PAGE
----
The content is really exciting. From the opening with a top rated speaker, Betsy Nichols, who’ll be talking about “Crunching Metrics from Public Security Data” continuing to Gene Kim’s talk about applying real analysis of practice to virtualization and a great panel talking about lessons learned from Election 2008, this track is just packed with hard facts and practical analysis.

Because I’m so excited by this, I’ve put the data into a Research Revealed .ics file you can use to bring these into your calendar.

I also extracted this table from the RSA website (it was hard to link), so you can easily see the track:

Session ID Title Classification Session Type Scheduled
RR-105 Crunching Metrics from Public Security Data Advanced Track Session Tuesday, April 21 01:30 PM
RR-106 Controlling Virtualization Security Risks: Tips from the Experts Intermediate Track Session Tuesday, April 21 03:00 PM
RR-107 Technology Lessons Learned from Election 2008 Advanced Track Session Tuesday, April 21 04:10 PM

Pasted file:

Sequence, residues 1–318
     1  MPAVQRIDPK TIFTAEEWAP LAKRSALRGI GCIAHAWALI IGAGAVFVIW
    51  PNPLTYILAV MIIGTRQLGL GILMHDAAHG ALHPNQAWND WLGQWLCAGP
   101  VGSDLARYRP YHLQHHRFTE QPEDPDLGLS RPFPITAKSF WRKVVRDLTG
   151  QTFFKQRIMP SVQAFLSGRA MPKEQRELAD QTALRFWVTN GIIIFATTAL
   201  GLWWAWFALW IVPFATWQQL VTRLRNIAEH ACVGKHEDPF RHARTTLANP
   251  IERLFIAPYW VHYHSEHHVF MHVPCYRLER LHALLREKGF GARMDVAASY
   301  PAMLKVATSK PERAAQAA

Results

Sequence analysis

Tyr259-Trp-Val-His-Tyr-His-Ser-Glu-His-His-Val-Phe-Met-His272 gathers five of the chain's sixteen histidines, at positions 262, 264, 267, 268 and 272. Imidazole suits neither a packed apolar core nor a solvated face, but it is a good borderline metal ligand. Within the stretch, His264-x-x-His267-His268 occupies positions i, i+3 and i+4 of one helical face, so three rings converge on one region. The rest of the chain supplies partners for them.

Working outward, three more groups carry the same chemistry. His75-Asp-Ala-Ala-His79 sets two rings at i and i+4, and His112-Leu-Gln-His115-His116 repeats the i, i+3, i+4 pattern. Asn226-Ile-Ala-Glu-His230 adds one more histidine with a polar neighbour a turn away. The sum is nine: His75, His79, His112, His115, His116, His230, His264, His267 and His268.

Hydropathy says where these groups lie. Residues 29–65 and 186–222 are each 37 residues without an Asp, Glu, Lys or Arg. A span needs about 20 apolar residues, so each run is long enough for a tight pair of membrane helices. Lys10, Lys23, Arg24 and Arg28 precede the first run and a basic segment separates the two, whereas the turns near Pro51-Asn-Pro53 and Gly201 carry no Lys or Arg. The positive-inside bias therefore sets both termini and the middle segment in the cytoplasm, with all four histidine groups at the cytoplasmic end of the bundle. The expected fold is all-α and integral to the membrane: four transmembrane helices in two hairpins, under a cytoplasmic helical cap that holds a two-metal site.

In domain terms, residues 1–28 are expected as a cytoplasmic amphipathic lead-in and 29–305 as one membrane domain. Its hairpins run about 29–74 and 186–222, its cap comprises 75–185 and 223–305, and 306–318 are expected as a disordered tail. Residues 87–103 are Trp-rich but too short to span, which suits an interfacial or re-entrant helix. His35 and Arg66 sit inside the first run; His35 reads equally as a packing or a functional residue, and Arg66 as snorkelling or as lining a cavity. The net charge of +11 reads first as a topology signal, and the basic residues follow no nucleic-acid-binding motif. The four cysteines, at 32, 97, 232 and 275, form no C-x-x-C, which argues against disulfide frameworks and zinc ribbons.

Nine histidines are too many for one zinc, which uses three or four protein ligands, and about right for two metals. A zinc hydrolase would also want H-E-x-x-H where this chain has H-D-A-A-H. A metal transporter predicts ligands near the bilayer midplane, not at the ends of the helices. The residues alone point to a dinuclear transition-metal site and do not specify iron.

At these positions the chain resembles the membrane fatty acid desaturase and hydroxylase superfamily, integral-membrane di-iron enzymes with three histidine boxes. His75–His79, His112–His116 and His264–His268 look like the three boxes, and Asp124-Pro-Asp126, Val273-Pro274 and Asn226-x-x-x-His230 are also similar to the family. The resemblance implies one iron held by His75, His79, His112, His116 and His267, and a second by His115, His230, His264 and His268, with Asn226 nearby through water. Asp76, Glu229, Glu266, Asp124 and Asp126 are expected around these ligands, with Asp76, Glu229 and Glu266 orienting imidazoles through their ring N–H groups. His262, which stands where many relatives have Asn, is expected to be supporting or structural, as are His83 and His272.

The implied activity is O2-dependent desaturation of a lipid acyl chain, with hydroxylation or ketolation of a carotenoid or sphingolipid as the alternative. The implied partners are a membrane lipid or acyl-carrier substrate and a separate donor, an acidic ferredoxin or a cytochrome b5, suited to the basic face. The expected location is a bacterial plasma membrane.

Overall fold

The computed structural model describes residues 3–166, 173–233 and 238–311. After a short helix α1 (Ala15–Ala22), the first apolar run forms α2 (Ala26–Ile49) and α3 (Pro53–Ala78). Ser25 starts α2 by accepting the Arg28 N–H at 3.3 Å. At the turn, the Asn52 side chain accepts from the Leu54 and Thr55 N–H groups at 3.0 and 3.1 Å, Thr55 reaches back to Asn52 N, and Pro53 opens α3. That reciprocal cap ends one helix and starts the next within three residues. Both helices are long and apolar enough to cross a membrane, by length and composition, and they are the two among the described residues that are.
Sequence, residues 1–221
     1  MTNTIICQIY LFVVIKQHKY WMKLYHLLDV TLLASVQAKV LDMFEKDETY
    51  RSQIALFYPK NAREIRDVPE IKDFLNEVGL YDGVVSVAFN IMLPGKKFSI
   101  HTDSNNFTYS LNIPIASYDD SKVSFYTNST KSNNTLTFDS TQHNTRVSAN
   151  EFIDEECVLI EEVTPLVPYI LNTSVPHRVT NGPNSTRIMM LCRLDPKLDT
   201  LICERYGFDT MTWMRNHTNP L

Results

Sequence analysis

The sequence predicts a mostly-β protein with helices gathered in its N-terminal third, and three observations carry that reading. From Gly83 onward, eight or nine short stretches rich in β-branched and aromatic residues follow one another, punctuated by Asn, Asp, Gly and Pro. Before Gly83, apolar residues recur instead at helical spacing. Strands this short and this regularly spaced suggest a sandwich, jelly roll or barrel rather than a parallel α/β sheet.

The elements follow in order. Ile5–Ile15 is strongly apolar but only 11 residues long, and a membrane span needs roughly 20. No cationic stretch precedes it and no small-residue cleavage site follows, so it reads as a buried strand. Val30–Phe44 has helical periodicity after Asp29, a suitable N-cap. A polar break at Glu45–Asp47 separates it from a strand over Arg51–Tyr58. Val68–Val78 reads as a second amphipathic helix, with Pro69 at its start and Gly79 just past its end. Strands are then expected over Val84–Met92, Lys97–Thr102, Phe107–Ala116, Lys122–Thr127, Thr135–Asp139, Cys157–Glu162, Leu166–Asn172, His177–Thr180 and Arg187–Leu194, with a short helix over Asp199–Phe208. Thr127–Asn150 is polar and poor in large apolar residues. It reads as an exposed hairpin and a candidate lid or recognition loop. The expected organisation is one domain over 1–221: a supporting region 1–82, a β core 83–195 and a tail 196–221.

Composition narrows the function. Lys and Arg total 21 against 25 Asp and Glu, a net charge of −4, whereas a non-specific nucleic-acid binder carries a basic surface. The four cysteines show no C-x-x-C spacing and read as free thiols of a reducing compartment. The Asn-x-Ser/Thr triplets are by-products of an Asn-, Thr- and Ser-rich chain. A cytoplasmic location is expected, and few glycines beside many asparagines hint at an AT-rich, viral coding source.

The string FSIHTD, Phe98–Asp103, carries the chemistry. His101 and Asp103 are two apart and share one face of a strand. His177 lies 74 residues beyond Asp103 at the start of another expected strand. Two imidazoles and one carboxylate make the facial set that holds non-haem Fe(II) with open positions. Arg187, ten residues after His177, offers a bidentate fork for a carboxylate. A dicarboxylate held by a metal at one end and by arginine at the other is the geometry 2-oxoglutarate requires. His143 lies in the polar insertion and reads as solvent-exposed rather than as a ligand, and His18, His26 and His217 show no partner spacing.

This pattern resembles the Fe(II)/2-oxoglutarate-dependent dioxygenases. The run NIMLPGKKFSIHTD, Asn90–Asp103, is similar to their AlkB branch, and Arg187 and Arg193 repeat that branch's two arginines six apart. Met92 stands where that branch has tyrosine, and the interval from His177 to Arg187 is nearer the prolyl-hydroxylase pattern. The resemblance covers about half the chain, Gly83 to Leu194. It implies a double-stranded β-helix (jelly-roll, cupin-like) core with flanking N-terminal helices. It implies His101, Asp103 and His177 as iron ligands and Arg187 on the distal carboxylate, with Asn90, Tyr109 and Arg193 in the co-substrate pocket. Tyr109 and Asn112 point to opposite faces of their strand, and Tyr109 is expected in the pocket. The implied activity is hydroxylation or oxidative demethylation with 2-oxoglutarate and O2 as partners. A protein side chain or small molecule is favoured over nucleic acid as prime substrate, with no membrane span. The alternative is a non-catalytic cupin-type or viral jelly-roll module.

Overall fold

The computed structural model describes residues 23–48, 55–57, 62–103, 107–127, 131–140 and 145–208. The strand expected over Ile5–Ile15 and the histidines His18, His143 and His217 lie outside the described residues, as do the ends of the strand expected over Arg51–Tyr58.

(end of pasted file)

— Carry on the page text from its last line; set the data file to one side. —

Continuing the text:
Senior Computer Scientist,
SRI International
Chief Technology Officer,
Open Source Digital Voting Foundation
Associate Professor,
Rice University
Associate Professor,
University of California, Berkeley
Associate Professor,
University of Iowa
RR-108 Security Risk Metrics: The View from the Trenches Intermediate Track Session Tuesday, April 21 05:40 PM
RedSeal Systems
RR-201 Fraud Management Strategies of North American Financial Institutions Intermediate Track Session Wednesday, April 22 08:00 AM
Senior Analyst,
Aite Group
RR-202 Data Sources, Methods, and Challenges Not Rated Track Session Wednesday, April 22 09:10 AM
The Security Consortium, Inc.
Program Manager,
Microsoft Corporation
Professor of Computer Science,
University of Pennsylvania
RR-203 Why Software is Still Insecure: Conclusions from a Ten-Year Study Advanced Track Session Wednesday, April 22 10:40 AM